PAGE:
Harvard University is a private Ivy League research university in Cambridge, with about 6,700 undergraduate students and about 15,250 postgraduate students. Established in 1636 and named for its first benefactor, clergyman John Harvard, Harvard is the United States' oldest institution of higher learning, its history and wealth have made it one of the world's most prestigious universities; the Harvard Corporation is its first chartered corporation. Although never formally affiliated with any denomination, the early College trained Congregational and Unitarian clergy, its curriculum and student body were secularized during the 18th century, by the 19th century, Harvard had emerged as the central cultural establishment among Boston elites. Following the American Civil War, President Charles W. Eliot's long tenure transformed the college and affiliated professional schools into a modern research university. A. Lawrence Lowell, who followed Eliot, further reformed the undergraduate curriculum and undertook aggressive expansion of Harvard's land holdings and physical plant.
James Bryant Conant led the university through the Great Depression and World War II and began to reform the curriculum and liberalize admissions after the war. The undergraduate college became coeducational after its 1977 merger with Radcliffe College; the university is organized into eleven separate academic units—ten faculties and the Radcliffe Institute for Advanced Study—with campuses throughout the Boston metropolitan area: its 209-acre main campus is centered on Harvard Yard in Cambridge 3 miles northwest of Boston. Harvard's endowment is worth $39.2 billion, making it the largest of any academic institution. Harvard is a large residential research university; the nominal cost of attendance is high, but the university's large endowment allows it to offer generous financial aid packages. The Harvard Library is the world's largest academic and private library system, comprising 79 individual libraries holding over 18 million items; the University is cited as one of the world's top tertiary institutions by various organizations.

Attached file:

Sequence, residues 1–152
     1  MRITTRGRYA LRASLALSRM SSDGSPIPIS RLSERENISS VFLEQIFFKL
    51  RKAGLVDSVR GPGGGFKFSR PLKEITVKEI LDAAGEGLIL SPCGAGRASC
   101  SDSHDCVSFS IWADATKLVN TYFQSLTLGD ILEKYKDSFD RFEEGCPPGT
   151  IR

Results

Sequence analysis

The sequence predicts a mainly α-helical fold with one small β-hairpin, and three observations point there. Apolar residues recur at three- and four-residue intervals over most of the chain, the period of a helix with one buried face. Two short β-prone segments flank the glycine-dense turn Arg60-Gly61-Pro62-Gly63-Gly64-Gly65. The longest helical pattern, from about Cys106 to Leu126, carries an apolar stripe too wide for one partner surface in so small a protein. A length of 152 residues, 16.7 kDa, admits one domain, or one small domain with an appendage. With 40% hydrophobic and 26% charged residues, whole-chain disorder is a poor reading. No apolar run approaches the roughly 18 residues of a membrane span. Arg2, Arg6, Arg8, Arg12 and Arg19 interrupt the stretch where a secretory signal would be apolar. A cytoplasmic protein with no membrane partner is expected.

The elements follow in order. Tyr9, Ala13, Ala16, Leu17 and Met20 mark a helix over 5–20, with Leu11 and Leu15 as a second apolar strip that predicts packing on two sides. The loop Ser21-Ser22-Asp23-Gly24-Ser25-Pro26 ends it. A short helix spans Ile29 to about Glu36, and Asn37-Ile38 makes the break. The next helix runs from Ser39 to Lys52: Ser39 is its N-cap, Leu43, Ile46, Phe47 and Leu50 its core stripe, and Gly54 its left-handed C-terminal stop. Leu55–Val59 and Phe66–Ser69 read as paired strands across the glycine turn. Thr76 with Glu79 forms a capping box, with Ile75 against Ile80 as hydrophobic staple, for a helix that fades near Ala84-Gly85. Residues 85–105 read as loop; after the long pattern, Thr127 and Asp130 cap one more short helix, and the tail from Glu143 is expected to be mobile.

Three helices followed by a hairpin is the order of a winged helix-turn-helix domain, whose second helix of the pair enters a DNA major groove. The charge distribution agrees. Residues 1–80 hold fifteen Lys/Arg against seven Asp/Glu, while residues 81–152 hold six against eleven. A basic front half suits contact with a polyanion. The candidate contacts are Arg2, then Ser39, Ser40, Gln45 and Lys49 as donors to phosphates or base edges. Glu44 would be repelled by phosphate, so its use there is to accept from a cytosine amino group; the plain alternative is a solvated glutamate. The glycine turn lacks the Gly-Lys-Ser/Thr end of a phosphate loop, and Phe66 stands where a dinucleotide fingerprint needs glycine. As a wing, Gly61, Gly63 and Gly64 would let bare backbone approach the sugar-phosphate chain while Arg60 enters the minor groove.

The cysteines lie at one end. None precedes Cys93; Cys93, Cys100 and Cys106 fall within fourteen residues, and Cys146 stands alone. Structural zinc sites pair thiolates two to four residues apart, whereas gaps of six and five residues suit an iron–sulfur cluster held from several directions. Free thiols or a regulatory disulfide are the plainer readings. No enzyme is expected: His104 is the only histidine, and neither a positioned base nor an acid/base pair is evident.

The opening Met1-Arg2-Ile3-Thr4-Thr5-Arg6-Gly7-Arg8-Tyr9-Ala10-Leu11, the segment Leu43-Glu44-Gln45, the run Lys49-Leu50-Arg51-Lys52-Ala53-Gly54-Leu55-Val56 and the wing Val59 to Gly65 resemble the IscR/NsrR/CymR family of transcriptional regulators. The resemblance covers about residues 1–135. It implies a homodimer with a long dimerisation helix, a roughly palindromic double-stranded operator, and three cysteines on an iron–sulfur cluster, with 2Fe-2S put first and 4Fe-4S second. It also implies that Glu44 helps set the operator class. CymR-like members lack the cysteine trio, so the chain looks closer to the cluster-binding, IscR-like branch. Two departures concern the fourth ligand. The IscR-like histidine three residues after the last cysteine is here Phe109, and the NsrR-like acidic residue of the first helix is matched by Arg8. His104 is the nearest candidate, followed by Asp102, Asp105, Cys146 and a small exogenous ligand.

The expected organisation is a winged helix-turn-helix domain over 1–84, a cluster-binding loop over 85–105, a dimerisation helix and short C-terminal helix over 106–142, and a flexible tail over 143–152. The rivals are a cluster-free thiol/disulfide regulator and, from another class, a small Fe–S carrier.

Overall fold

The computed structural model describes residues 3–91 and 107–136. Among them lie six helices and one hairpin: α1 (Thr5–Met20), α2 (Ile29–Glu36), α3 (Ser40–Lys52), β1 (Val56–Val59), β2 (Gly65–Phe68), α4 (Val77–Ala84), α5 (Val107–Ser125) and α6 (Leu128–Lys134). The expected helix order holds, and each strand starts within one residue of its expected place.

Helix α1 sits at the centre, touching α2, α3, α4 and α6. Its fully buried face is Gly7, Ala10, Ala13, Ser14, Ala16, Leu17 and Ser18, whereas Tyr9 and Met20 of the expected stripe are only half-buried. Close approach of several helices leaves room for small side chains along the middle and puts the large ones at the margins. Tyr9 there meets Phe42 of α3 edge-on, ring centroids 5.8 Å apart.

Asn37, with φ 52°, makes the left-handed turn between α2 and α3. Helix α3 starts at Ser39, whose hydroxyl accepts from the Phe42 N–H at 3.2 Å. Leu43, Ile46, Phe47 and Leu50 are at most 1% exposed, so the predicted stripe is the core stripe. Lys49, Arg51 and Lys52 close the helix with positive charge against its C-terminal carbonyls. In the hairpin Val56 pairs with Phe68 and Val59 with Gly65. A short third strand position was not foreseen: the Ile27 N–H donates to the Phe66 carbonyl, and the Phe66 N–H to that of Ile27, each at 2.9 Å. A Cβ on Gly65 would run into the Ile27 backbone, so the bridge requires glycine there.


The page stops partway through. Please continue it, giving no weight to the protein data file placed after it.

Harvard's alumni include eight U. S. presidents, more than thirty foreign heads of state, 62 living billionaires, 359 Rhodes Scholars, 242 Marshall Scholars. As of October 2018, 158 Nobel laureates, 18 Fields Medalists, 14 Turing Award winners have been affiliated as students, faculty, or researchers. In addition, Harvard students and alumni have won 10 Academy Awards, 48 Pulitzer Prizes and 108 Olympic medals, have founded a large number of companies worldwide. Harvard was established in 1636 by vote of the Great and General Court of the Massachusetts Bay Colony. In 1638, it acquired British North America's first known printing press. In 1639, it was named Harvard College after deceased clergyman John Harvard, an alumnus of the University of Cambridge, who had left the school £779 and his scholar's library of some 400 volumes; the charter creating the Harvard Corporation was granted in 1650. A 1643 publication gave the school's purpose as "to advance learning and perpetuate it to posterity, dreading to leave an illiterate ministry to the churches when our present ministers shall lie in the dust".
It offered a classic curriculum on the English university model—many leaders in the colony had attended the University of Cambridge—but conformed to the tenets of Puritanism. It was never affiliated with any particular denomination, but many of its earliest graduates went on to become clergymen in Congregational and Unitarian churches; the leading Boston divine Increase Mather served as president from 1685 to 1701. In 1708, John Leverett became the first president, not a clergyman, marking a turning of the college from Puritanism and toward intellectual independence. Throughout the 18th century, Enlightenment ideas of the power of reason and free will became widespread among Congregational ministers, putting those ministers and their congregations in tension with more traditionalist, Calvinist parties; when the Hollis Professor of Divinity David Tappan died in 1803 and the president of Harvard Joseph Willard died a year in 1804, a struggle broke out over their replacements. Henry Ware was elected to the chair in 1805, the liberal Samuel Webber was appointed to the presidency of Harvard two years which signaled the changing of the tide from the dominance of traditional ideas at Harvard to the dominance of liberal, Arminian ideas.